So if all of that helps you to get on the ticket, what about the ultimate challenge of getting the public to back you? As I mentioned earlier, carrying a dynastic name does not mean an easy ride in elections and many have failed to take seats. Over time a candidate must prove themselves. However, they can get off to a very good start as the public is inclined towards a ‘comfort blanket’ approach.

‘New candidates seem like an unknown quantity’

This occurs where the public likes the outgoing TD and trusts them; there is a strong element of sticking with the name you know. It is clear that the public expects that if they have been happy with the performance of an outgoing TD then they expect to find similar traits in another family member. New candidates seem like an unknown quantity by comparison with someone from strong lineage.

It should also be remembered that over the career of a successful politician they become credited with many achievements, bringing investment, securing funding, doing favours. This list of achievements or favours does not seem to follow the party, but rather the individual. So, if your party runs a new candidate it is likely that people will feel no loyalty to the party brand for the delivery of items by the outgoing TD.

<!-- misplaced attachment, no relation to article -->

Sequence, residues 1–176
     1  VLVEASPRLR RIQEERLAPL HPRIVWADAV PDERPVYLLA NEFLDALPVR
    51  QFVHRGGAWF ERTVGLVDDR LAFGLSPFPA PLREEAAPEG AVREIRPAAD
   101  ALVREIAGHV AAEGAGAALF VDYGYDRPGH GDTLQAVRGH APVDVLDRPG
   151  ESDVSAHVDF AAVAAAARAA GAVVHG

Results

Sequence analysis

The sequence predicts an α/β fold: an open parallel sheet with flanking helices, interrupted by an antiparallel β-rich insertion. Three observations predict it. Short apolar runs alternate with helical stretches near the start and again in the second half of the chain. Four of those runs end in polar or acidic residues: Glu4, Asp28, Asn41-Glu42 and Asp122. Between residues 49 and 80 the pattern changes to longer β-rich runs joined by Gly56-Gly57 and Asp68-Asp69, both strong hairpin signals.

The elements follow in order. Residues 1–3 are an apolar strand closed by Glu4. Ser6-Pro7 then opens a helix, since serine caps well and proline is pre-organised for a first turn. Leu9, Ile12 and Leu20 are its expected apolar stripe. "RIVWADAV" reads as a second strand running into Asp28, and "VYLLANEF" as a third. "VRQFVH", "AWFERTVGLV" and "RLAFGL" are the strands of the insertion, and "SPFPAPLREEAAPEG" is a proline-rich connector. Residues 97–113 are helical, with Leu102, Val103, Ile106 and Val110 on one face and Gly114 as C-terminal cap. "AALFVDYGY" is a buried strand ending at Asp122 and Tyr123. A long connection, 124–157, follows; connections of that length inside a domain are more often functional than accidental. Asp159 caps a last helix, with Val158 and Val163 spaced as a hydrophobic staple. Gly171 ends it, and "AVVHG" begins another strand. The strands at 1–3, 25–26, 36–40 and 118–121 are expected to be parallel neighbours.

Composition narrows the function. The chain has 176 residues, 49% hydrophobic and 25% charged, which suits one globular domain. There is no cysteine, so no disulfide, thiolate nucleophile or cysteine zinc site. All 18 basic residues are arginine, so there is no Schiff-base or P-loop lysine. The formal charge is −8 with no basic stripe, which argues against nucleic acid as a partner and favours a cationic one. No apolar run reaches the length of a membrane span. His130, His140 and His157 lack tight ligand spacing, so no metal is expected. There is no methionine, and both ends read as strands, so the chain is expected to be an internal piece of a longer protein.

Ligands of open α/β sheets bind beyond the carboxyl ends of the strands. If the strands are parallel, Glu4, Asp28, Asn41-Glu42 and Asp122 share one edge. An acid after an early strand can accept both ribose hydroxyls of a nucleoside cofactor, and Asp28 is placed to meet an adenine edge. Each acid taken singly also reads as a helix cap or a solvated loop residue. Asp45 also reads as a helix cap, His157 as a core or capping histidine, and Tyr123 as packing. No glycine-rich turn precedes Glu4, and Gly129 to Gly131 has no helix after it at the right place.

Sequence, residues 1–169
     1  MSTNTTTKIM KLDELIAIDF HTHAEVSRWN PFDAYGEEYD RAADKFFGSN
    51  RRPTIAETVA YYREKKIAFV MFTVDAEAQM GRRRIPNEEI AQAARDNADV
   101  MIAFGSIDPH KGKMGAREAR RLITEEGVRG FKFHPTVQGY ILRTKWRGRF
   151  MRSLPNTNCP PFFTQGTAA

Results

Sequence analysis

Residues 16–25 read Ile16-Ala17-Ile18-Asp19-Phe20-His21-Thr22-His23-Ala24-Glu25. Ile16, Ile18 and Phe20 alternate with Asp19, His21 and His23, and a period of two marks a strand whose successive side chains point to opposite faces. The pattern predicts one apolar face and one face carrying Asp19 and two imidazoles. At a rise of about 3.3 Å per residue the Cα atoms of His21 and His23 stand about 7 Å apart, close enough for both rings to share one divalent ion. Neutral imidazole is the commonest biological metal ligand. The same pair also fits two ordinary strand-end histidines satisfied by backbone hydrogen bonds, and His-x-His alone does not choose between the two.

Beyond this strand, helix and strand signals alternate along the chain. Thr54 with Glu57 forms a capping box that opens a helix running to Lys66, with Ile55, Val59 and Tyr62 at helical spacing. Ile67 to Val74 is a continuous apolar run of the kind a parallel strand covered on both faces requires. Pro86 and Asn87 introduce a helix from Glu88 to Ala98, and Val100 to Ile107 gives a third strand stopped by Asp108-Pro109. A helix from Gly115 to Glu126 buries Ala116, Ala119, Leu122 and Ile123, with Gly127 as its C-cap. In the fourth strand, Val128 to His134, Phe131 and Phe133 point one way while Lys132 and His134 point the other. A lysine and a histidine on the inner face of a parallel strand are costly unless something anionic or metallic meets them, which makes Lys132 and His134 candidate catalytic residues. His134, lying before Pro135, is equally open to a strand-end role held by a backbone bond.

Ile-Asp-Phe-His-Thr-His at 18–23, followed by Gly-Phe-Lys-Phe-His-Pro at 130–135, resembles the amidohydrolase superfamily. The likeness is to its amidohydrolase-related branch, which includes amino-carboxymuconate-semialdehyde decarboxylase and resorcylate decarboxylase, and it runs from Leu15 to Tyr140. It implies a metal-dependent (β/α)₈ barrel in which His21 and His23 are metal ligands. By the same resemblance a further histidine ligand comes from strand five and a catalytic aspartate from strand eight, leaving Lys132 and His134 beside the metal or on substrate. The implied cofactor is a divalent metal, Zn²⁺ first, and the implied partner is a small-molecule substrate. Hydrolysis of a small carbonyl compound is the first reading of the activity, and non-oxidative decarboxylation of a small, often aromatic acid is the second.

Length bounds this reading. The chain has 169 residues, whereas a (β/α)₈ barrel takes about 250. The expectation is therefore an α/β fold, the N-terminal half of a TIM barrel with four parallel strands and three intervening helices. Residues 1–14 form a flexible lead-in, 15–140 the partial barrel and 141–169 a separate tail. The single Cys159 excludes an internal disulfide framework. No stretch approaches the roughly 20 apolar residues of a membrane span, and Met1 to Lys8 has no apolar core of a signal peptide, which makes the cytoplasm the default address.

On the other hand there is a high level of loyalty to the name. The favours and achievements of a parent, for instance, seem instantly transferable to their child in the electorates mind. A voter remembering a favour done will feel obliged to still vote for the son or daughter of that politician than for the party they represented.

Perhaps deep down it is part of the human condition to respect names and to look for heroes among the ranks of famous names. In a country like Ireland that values loyalty so highly and where family carries such influence it is difficult to see the situation ever changing.

Johnny Fallon is a political analyst. His new book, Dynasties: Irish Political Families is published by New Island, price €16.99.